Chalmers on Church Establishments, Part 1:
The Value of Discussing the Merits of Church Establishments Today
In 1838, the Church of Scotland was in the midst of a major effort to win the support of the government for the public financing of a ‘church extension scheme.’ The population of Scotland had mushroomed, and there had been major demographic shifts due to the industrial revolution. Up until that time, the Church had been more or less able, through its endowed parochial system, to meet the spiritual needs of the people. This is what Knox and his successors had sought and, by the blessing of God, had obtained: a reformed Kirk sanctioned and subsidized by the powers that be, enabled to furnish the entire nation with pure Christian instruction in every hamlet, village, town and city. But the winds of change had blown, and the Church of Scotland was treading water. Vast districts and slums of the major cities were teeming with unchurched and unreached sinners. To meet this need, the Church leaders of the day petitioned the state for public funds to supplement voluntary contributions, in order that new church facilities might be built in newly drawn parishes throughout the land. Knox’s program of Christianization should not languish for lack of support!
But in the 19the century, there were voices that combined to threaten the vision. First, there were the Voluntaries, those otherwise orthodox evangelicals, many of whom were staunch Calvinists no less, who opposed all connections of the Church with the State. Second, there were the economists, the followers of Adam Smith, who asserted that religion ought to stand economically on its own two feet, and that it would succeed without the help of Parliament.
It is in this milieu that Thomas Chalmers, then the undisputed leader of the evangelical wing of the Church of Scotland, delivered and published his Lectures on the Establishment and Extension of National Churches (Glasgow, 1838). It presents a very thoughtful and compelling argument to Christian people and to magistrates alike the merits of the institution in question. And I would argue that it, together with much of Chalmers’ other writings, should be unearthed and brought again into the thoughtful consideration of the reformed and evangelical world. To that end, I would like to provide an overview and commentary on the Lectures in a series of installments.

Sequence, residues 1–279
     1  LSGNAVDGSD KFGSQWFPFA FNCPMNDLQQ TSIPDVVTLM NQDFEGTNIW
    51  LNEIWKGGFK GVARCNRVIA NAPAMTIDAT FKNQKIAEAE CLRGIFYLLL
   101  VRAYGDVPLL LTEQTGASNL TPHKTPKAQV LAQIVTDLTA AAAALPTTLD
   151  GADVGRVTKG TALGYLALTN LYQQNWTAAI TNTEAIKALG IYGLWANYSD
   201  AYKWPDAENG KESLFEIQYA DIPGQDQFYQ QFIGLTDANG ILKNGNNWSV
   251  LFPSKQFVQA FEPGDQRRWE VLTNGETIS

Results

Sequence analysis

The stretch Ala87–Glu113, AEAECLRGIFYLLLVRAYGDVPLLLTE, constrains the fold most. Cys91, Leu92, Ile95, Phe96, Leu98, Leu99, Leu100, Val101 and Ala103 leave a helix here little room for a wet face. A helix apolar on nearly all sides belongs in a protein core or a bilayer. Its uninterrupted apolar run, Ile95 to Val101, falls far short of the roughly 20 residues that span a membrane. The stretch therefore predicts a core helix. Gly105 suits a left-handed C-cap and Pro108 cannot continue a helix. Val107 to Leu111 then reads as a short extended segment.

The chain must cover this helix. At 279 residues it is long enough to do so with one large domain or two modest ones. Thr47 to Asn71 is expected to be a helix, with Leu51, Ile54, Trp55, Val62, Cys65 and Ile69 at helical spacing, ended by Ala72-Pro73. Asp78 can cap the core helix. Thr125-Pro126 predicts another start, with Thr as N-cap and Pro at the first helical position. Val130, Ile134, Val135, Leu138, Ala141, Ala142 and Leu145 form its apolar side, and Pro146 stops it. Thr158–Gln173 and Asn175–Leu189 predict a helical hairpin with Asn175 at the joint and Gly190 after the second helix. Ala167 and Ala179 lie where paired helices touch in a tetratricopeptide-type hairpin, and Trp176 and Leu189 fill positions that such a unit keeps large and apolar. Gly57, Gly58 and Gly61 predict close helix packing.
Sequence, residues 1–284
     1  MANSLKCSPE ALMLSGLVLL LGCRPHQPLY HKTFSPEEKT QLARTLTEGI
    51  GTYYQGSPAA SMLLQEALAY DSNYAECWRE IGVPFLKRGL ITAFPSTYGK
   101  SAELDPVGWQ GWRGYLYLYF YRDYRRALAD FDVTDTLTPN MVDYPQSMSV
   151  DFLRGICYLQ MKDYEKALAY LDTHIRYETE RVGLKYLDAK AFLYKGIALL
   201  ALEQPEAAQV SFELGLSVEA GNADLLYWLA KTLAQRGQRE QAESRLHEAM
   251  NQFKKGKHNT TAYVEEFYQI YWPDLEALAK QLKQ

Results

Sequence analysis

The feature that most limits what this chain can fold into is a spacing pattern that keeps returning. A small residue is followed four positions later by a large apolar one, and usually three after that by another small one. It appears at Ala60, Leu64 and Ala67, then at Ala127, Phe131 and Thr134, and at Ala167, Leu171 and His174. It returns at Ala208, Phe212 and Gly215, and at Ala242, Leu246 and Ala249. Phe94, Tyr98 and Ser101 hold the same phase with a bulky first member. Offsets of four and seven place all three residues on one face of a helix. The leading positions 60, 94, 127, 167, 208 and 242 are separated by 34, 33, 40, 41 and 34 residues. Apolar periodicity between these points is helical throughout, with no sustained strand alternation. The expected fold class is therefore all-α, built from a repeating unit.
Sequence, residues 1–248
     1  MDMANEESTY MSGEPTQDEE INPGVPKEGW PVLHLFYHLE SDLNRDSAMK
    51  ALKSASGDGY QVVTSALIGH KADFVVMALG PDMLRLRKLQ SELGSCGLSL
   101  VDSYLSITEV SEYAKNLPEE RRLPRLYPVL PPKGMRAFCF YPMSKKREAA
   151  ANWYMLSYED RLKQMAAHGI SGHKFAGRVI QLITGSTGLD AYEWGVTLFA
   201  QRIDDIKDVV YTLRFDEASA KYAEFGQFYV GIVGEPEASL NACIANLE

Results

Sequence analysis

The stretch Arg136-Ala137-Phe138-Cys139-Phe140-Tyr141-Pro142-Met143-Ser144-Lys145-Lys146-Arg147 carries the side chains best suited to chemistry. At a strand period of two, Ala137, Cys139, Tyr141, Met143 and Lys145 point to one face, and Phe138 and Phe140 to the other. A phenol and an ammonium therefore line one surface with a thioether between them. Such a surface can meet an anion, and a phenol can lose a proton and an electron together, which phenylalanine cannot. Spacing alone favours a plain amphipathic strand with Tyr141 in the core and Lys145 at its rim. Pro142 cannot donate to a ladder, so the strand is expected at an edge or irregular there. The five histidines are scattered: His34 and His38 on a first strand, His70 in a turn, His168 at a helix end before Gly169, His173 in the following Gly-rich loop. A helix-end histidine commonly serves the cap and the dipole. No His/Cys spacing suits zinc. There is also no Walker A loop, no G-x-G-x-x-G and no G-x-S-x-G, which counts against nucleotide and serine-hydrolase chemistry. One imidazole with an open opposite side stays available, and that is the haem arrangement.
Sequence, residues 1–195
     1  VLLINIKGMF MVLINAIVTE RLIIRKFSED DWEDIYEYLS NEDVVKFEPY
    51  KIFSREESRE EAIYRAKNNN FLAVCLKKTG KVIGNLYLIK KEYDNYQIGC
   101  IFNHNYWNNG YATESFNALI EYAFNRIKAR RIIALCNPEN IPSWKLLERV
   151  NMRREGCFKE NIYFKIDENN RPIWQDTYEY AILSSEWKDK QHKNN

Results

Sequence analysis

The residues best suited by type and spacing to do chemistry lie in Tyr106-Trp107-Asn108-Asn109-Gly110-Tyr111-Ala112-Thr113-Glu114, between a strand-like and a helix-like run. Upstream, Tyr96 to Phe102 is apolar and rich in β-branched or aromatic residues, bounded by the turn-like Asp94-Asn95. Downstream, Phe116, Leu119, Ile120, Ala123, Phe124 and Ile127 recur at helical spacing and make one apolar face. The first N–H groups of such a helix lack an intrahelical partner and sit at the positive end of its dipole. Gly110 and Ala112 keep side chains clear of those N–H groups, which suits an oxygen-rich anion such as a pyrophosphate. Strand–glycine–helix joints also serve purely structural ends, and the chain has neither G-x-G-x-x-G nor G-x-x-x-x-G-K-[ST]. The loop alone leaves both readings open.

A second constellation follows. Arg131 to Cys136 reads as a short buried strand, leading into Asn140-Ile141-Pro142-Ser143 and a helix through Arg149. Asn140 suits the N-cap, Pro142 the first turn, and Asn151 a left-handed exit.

Before that, however, it will probably be asked, why in the world we should we study a work on Church establishments? First, aren’t establishments defunct relics of pre-enlightenment Christianity? If so, this would be a study in matters of mere historical interest. And second, aren’t they just plain wrong? Don’t they enshrine and patronize one denomination over other legitimate Christian bodies? And aren’t we enlightened enough today to contend that there ought to be a perfect tolerance of all religious faiths within a nation? Even to contemplate the virtues of establishments would probably strike most Christians today like endorsing the Salem witch trials. We abandoned that sinking ship long ago; so let’s let the thing lie where it should on the ocean floor!
But there are several reasons why Chalmers’ Lectures should be read and discussed again.
First, we should not dismiss the case at the outset without giving it a thoughtful ear. As Nicodemus rightly put it, “Doth our law judge any man, before it hear him, and know what he doeth” (Jn. 7:51)? And those who argued for Church establishments were not wide-eyed fanatics; they were our venerated fathers in the faith. I think that this should especially resonate with modern-day Reformed folk. This was the position of Luther, of Calvin, and of Knox. This was the position of the divines at Dordt and at Westminster. This was the position of the New England Puritans, who sought to set the Americas as a ‘city on a hill.’ We may not, after having read the arguments, embrace them. But should we prejudge a matter in which our forbearers have lent the weight of their united testimony?